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Page last updated at 14:09 GMT, Friday, 26 February 2010

Israeli authorities back 600 new East Jerusalem homes

Pisgat Zeev
Israel sees no distinction between East and West Jerusalem

An Israeli planning committee has pushed forward plans for 600 new homes in Israeli-occupied East Jerusalem.

The move comes as the Palestinians are refusing to restart peace talks unless Israel stops all building in the area, where they want their future capital.

The plan will expand the Pisgat Zeev settlement in the city's north-east.

The international community considers East Jerusalem occupied territory. Building on occupied land is illegal under international law.

Palestinians regard Pisgat Zeev and neighbourhoods like it as settlements, and accuse Israel of using them to increase the Jewish presence in the mainly Arab east of the city.

But Israelis see them simply as suburbs of Jerusalem.

On Friday it emerged that an Israeli regional planning committee had voted last month to push the scheme forward.

It approved the plan for publication, after which the public can raise objections during a designated period.

Actual building work would be unlikely to begin for at least one or two years.

The record of the committee's meeting said the project had been reduced from 1,100 housing units to 600, because of land ownership issues.

'Another violation'

The Palestinians have demanded that Israel halt all settlement activity in the West Bank and East Jerusalem before they will rejoin peace talks with Israel.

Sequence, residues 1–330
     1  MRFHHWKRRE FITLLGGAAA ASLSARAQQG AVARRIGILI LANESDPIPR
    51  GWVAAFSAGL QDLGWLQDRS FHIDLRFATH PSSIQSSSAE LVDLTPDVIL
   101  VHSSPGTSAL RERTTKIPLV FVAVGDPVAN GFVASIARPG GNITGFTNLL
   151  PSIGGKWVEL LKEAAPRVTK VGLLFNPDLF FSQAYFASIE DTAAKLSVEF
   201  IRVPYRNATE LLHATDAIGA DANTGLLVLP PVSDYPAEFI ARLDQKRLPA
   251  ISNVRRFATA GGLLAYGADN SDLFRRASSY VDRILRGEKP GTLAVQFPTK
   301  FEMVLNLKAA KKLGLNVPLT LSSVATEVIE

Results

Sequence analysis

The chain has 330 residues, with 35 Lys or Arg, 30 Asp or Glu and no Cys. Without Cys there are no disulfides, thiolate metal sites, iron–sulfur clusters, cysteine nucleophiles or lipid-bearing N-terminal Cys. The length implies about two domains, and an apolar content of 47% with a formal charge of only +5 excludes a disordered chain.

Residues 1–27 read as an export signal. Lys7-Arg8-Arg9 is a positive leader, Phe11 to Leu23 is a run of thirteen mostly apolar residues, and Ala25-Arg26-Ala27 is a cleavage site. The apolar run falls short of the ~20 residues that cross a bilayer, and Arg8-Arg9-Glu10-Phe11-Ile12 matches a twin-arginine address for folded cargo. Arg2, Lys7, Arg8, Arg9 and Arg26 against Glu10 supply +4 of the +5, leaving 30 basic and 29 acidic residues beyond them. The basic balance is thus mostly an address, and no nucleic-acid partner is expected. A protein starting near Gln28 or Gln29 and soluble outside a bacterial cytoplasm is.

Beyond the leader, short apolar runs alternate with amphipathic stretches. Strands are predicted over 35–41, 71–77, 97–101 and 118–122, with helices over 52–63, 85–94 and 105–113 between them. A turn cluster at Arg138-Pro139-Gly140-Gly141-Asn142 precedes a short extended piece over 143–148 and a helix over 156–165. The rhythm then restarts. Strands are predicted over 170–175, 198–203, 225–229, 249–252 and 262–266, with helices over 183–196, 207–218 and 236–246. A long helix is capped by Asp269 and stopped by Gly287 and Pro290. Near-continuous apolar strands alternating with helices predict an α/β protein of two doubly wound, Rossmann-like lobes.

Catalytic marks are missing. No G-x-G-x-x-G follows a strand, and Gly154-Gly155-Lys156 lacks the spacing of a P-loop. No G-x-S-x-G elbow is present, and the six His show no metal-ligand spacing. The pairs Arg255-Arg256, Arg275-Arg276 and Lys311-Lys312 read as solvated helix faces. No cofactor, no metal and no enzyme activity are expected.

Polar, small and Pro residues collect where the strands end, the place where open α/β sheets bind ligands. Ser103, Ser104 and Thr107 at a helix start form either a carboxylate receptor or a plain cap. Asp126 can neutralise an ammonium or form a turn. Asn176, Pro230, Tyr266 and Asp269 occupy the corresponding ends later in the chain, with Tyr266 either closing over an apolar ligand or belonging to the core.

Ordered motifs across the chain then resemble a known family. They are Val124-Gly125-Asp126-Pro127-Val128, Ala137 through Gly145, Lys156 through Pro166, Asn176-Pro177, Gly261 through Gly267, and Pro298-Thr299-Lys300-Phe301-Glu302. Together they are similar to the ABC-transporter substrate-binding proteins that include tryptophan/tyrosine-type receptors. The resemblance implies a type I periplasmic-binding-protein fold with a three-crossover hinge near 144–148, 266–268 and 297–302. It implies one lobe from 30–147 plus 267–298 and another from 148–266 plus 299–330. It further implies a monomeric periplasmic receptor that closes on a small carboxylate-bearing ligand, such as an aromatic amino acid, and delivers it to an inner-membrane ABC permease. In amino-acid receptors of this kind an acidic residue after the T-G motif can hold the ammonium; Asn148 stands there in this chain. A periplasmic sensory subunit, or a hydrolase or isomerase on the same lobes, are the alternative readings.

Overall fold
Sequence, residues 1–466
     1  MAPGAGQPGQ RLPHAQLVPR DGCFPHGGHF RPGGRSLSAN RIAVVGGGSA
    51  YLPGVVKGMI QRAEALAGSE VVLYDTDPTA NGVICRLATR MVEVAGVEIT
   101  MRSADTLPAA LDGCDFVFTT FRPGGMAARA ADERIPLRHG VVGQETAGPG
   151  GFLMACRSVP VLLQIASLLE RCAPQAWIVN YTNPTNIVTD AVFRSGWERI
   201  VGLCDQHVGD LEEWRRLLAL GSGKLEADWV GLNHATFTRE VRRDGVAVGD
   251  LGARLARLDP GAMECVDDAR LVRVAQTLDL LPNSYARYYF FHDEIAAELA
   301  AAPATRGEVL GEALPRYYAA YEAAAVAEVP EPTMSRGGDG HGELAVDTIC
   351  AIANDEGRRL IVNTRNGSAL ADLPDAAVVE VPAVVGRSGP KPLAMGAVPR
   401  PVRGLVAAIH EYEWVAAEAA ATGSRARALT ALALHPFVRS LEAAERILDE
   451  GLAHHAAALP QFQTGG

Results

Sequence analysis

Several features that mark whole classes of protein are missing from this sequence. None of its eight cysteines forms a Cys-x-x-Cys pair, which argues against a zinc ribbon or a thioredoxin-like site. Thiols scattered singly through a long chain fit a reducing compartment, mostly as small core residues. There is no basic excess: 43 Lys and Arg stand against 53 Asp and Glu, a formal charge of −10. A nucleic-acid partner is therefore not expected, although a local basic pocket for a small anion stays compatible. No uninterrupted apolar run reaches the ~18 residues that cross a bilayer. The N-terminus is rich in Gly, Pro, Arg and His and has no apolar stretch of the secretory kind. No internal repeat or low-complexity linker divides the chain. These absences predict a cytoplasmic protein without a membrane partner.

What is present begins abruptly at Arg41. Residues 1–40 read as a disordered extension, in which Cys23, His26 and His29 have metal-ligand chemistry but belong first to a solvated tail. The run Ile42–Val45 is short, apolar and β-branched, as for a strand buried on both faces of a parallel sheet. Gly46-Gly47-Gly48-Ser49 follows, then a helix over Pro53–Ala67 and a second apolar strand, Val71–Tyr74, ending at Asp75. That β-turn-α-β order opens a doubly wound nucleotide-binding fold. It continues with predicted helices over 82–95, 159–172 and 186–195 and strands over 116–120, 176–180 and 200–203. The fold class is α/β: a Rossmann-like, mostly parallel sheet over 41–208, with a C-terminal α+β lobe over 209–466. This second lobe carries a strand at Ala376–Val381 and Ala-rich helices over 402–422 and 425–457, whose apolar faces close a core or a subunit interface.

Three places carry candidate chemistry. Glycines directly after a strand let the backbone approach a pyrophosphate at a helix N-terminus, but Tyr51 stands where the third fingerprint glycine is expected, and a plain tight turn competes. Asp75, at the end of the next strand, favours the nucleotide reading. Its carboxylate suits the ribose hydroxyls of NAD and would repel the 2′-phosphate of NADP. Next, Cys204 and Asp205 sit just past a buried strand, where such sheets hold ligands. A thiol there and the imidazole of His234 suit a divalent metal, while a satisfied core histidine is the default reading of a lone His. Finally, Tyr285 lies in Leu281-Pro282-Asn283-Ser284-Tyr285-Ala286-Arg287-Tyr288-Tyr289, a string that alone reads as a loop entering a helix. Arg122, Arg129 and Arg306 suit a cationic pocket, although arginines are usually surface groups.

Jerusalem Old City, from East Jerusalem, silwan

Israel has announced a 10-month period of restrictions on building in the West Bank, but not East Jerusalem.

Palestinian official Ghassan al-Khatib denounced the decision as "another Israeli violation of international law", according to Reuters news agency.

Hagit Ofran of the Israeli rights group Peace Now said the Israeli government was continuing to promote building plans in East Jerusalem "in order to torpedo the two-state solution".

Israeli government spokesman Mark Regev said the government made a distinction between the West Bank and Jerusalem.

"In the West Bank, we've agreed to unprecedented restrictions on growth but Jerusalem is different, it's our capital," he said.

Israel captured the east of the city during the 1967 Arab-Israeli war, during which it occupied the West Bank.

It later annexed East Jerusalem, in a move not recognised by the international community.

The US and United Nations both warned that a similar decision last year, to push forward the building of 900 homes in Gilo to the south of Jerusalem, would hamper peace efforts.

White House spokesman Robert Gibbs said at the time the US was "dismayed" by the move.

The Jerusalem municipality could not be reached for comment.

But last year, after the similar approval for building at Gilo, it said that both Jews and Arabs would be able to buy the new properties.

Nearly 500,000 Jews live in more than 100 settlements built on occupied territory in the West Bank and East Jerusalem.



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